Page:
Welcome back, everyone. In the previous article Phobias and Video Games Part One: The Negatives we investigated how some video games trigger phobic responses, what phobias are the most commonly triggered by them, and what aspects of video games can magnify these responses. In this part we will investigate;
- What the people who make these games can do to make them “phobia friendly”.
- What gamers can do themselves to lessen the chance of a game causing a phobic response.
- How video games have been used by therapists to actually treat people’s phobias.
Let’s dive in…
How Developers Can Make Their Games “Phobia Friendly”
Considering the adverse effects video games can have on people with specific phobias, perhaps game developers should consider accommodating these players. Game devs can do this by implementing optional adaptations, in much the same way as they should already be doing for players with disabilities.
One way forward would be to include optional modes that delete or replace in-game models, NPCs, enemies, etc. that are common triggers. A “no spider mode” would be appreciated by arachnophobes. A “no snake mode” would likely be welcome for those suffering from Ophidiophobia.
This could also involve deleting all the spiders (or spider-like) enemies in the game. There are several ways a dev team could go about doing this. Firstly, they could substitute the spider-like foes with another existing in-game enemy type. For example, in Half-Life the spider like Headcrabs could perhaps be replaced with Houndeyes, and the Zombie men replaced with Vortigaunts.
Another option would be to replace the spider-like models with something that acts the same but looks very different. Oversized spiders could be replaced by oversized crabs for example, or perhaps wolves if arthropods in general cause a problem. Snakes could be replaced with worms, bats could be replaced by birds of prey, etc.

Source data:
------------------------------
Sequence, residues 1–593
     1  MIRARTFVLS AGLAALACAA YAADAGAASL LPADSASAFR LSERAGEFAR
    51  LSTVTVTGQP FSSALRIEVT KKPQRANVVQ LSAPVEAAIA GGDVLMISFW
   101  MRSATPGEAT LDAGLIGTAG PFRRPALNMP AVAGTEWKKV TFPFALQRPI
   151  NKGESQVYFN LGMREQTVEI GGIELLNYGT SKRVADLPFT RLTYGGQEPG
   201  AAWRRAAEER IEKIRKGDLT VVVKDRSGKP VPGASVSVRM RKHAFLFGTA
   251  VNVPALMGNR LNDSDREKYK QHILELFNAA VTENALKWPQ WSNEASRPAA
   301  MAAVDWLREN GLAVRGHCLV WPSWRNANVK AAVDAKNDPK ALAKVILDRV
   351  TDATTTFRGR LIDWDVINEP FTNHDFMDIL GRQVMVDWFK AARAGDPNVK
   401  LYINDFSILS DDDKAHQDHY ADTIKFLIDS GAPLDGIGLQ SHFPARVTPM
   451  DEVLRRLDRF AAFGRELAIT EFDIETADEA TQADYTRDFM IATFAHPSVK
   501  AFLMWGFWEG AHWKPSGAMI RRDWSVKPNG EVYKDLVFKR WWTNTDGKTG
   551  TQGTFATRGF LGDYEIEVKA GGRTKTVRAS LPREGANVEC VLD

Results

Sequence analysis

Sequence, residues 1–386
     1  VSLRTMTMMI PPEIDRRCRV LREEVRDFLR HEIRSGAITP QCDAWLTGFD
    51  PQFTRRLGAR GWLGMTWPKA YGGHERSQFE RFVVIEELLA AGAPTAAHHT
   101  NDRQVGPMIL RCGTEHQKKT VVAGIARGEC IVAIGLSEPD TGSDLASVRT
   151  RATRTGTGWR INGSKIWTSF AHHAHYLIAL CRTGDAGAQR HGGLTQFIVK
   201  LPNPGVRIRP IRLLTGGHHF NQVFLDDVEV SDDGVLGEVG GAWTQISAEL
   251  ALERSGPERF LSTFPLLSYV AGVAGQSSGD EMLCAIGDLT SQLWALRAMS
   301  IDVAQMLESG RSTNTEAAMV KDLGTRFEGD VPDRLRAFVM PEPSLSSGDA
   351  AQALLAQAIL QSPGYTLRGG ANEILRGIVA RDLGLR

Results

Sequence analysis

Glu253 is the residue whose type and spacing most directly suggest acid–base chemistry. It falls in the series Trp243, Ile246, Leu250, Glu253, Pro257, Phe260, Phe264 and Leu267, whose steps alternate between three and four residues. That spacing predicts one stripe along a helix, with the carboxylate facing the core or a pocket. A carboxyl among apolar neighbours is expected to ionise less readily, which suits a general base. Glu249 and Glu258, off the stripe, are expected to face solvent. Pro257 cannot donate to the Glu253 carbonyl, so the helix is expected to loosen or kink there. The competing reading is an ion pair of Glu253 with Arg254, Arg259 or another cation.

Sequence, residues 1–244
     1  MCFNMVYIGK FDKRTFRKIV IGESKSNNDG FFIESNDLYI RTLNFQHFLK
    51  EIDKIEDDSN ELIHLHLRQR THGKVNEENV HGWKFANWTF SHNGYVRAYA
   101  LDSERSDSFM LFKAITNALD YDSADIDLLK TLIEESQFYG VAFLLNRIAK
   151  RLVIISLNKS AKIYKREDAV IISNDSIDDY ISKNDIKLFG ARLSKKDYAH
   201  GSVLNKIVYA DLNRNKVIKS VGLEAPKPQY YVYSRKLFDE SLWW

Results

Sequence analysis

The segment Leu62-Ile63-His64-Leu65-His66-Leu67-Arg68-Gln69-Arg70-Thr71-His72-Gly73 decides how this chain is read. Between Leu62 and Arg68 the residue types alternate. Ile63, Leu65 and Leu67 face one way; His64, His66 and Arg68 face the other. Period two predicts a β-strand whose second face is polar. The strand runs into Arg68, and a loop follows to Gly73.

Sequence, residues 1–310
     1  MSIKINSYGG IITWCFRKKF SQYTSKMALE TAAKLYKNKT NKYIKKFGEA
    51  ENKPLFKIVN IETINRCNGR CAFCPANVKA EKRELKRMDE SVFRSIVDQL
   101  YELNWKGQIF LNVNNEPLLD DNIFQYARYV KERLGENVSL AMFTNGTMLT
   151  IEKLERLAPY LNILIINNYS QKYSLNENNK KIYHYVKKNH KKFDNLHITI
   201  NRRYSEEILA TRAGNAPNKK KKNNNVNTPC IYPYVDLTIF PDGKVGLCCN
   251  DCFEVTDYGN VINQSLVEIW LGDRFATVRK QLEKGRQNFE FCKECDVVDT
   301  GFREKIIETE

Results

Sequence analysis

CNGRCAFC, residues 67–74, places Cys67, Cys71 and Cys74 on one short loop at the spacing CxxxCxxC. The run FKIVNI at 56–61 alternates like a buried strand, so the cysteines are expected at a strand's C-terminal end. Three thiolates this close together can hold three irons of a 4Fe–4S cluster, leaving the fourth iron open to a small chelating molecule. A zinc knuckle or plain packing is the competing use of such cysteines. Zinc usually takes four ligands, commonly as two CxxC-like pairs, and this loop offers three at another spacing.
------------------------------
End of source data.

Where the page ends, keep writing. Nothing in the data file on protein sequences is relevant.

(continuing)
This may involve extra work on the part of the developers, but this extra effort may pay for itself in both increased sales and a boosted reputation. If this is not feasible, then devs should ensure the game is mod-friendly, so that the modding community can make suitable adjustments post-release.
Another option would be to make sections of the game with a high likelihood of triggering a phobic response optional. For example, the ‘Go Fish’ side quest in The Elder Scrolls IV: Oblivion discussed previously was precisely that – a side quest. The reward the player receives for completing it is not essential for completing the game. Failing the mission is not game-ending, and there is no penalty for refusing to accept the mission in the first place. You can safely complete the game without even talking to this quest giver. Therefore, Thalassophobes can simply ignore this side quest entirely. This is an excellent example that other games should take note of.